To get the most out of life, one must have a good sense of time, in which resides the possibility of living out the deepest of values. Living in Yahshua’s footsteps is a life punctuated by ritual. Not hollow religious observance, but living out deep connection points that should heighten an observer’s awareness of Messiah’s essence. Daily prayer is meant to teach us gratitude for the opportunities of each day, and reinforces one’s sense of responsibility for how that day should be spent. The unique holidays that mark the Creator’s prescribed calendar reinforce numerous core values, such as human equality, the supreme value of life and communal ethics. The High Holidays take a collection of interrelated issues and present them on a grand scale. Chanukah teaches about the importance of religious freedom; Pesach reminds us that though we were held captive by sin, there is freedom and protection in Messiah’s shed blood and Yom Kippur teaches us humility, which cleanses us from sin and brings atonement with the Father. Our walk is very much interwoven with a sense of timing. Take for example this passage: “This is the burnt offering of Shabbat on its Shabbat. (Numbers 28:10)” Notice the stating of the obvious in this passage. This is to re-enforce the timing of the burnt offering. If one forgot to bring it, perhaps it could be brought on the following day or on the next Shabbat. To make sure that this will not happen the Torah instructs us to bring this sacrifice only on its own Shabbat and not on the next one. Once the day has passed by, the offering is no longer valid. Of course there are laws where one can make up for missed opportunities, but this ruling is rather for one who thinks that the timing is optional. Though there is an expression called “Jewish time” implying a kind of ease with time in which coming late is acceptable, it cannot be denied that the true faith of Yahweh takes time most seriously.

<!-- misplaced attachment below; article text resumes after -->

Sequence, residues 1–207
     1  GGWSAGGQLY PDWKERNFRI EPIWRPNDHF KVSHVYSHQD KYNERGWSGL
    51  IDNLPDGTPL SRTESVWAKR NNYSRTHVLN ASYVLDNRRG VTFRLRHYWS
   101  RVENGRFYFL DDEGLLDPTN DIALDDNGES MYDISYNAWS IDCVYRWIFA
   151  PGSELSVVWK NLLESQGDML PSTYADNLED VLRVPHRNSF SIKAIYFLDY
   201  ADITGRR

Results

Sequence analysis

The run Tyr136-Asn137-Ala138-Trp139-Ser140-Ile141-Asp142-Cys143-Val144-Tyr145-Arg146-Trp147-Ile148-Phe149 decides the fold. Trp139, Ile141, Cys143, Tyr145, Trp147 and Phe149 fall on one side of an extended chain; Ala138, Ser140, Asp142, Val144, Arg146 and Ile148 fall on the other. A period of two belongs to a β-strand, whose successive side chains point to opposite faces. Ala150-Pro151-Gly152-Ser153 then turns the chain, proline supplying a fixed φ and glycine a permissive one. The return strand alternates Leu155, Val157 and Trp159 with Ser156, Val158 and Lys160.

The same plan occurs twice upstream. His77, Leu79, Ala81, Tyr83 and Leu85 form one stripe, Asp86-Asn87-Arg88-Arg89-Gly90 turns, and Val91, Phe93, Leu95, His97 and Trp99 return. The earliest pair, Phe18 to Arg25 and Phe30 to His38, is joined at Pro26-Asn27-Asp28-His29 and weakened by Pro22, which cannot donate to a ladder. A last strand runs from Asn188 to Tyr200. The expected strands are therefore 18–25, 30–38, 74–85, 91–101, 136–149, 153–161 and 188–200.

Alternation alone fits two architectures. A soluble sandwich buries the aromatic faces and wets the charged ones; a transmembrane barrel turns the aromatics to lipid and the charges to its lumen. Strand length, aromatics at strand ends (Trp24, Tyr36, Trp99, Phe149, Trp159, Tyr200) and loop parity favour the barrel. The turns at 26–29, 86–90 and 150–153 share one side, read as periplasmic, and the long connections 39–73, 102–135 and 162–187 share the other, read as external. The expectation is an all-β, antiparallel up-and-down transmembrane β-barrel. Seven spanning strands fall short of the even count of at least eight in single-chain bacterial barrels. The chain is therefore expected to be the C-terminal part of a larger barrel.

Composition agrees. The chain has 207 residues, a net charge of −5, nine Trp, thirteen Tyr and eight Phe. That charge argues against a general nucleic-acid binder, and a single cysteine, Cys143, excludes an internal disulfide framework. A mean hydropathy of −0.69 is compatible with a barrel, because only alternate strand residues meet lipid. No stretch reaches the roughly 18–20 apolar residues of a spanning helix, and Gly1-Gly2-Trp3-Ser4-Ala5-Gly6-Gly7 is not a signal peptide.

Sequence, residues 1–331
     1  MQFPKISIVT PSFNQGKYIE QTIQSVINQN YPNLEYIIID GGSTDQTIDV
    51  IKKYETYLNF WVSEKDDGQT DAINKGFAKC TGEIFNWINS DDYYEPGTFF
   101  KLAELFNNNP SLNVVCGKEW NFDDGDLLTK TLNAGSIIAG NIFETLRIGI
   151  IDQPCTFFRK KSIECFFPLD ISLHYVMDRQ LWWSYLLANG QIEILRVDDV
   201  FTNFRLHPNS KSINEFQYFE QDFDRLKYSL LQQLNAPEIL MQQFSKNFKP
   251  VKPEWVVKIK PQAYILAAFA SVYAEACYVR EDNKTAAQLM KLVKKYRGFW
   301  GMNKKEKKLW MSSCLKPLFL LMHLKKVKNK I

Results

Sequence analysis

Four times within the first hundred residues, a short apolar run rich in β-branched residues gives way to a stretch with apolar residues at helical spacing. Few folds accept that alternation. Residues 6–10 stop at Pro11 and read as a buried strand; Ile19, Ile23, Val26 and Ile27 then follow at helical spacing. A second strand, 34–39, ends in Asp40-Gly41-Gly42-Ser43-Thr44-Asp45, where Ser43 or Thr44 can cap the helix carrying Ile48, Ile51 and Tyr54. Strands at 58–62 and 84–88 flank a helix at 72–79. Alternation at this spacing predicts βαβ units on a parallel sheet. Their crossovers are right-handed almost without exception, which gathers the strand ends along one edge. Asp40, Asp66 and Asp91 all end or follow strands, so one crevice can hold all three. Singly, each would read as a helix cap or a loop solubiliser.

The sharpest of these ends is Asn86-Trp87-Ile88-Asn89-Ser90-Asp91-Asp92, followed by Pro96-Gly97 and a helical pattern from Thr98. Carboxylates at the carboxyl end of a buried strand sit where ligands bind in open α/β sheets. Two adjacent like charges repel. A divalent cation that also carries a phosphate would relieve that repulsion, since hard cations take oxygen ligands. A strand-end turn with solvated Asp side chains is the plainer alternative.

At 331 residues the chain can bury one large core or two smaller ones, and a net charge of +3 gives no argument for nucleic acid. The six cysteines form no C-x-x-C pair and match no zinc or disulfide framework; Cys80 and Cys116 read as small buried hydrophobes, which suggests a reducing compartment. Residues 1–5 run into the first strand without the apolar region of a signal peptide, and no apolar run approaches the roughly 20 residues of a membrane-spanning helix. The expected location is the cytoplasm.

In Hebrew there are two chief words used for time. They are moed, which means “appointed time” and zeman, which means “time” as in a season.